Two critical Windows vulnerabilities discovered by Britain's spy agency GCHQ's cyber arm – the NCSC (National Cyber Security Centre) – could have allowed cybercriminals to hack PCs running Windows 10. The bugs were reportedly discovered by the NCSC during a probe into Microsoft's antivirus.

The vulnerabilities affected the core Windows Defender program – Microsoft's Malware Protection Engine. ZDNet reported that the bugs appear to be in the same classification as the "crazy bad" Windows zero day wormable flaw that was discovered by Google's Project Zero researchers in May.

"An attacker who successfully exploited this vulnerability could execute arbitrary code in the security context of the LocalSystem account and take control of the system. An attacker could then install programs; view, change, or delete data; or create new accounts with full user rights," Microsoft said in a statement.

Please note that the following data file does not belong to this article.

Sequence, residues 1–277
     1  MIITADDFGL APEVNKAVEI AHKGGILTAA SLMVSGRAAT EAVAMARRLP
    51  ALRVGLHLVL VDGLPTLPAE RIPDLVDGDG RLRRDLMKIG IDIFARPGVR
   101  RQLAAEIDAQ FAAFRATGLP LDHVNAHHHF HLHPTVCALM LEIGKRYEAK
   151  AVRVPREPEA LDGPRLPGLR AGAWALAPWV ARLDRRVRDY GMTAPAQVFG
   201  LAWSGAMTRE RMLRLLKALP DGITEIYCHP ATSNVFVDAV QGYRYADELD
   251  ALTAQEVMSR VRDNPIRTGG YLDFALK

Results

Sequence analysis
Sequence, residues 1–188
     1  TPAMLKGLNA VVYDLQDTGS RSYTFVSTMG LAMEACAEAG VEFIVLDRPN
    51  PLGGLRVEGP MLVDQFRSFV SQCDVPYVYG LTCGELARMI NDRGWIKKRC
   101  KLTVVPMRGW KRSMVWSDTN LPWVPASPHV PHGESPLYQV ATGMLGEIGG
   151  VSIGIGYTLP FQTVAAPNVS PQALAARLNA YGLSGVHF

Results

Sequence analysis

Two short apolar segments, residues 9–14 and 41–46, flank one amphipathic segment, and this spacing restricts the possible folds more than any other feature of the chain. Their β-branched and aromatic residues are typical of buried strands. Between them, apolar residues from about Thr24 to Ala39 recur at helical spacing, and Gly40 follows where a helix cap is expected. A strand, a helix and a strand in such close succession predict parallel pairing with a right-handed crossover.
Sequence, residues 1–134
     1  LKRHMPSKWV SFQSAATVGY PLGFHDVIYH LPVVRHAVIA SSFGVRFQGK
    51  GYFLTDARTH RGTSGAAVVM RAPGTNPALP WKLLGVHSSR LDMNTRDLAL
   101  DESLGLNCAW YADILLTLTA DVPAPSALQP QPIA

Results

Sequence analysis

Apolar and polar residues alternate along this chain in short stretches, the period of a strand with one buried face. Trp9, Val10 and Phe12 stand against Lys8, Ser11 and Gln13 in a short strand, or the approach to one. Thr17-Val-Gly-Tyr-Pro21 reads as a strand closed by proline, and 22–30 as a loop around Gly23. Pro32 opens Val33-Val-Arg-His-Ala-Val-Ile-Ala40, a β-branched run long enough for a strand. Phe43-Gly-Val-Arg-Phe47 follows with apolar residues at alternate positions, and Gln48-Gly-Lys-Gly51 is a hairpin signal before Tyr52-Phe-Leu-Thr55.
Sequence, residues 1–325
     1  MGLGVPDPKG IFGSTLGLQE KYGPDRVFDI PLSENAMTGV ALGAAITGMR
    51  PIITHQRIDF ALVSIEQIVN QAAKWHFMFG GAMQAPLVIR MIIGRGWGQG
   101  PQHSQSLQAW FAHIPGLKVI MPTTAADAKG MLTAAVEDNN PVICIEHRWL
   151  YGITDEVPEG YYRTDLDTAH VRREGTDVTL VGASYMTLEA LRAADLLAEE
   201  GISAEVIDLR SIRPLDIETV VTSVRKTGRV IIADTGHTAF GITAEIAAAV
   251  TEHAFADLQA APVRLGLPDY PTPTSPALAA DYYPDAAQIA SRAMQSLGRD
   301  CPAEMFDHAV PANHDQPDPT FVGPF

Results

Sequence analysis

The bugs could have been exploited by hackers by either luring targets to a malicious website or by sending a specially crafted file via an email or instant message.

"If the affected antimalware software has real-time protection turned on, the Microsoft Malware Protection Engine will scan files automatically, leading to exploitation of the vulnerability when the specially crafted file is scanned. If real-time scanning is not enabled, the attacker would need to wait until a scheduled scan occurs in order for the vulnerability to be exploited. All systems running an affected version of antimalware software are primarily at risk," Microsoft said.

Fortunately, the flaws have not been exploited in the wild as they weren't publicly disclosed. Microsoft has already rolled out updates to fix the two flaws, which the firm identified as CVE-2017-11937 and CVE-2017-11940.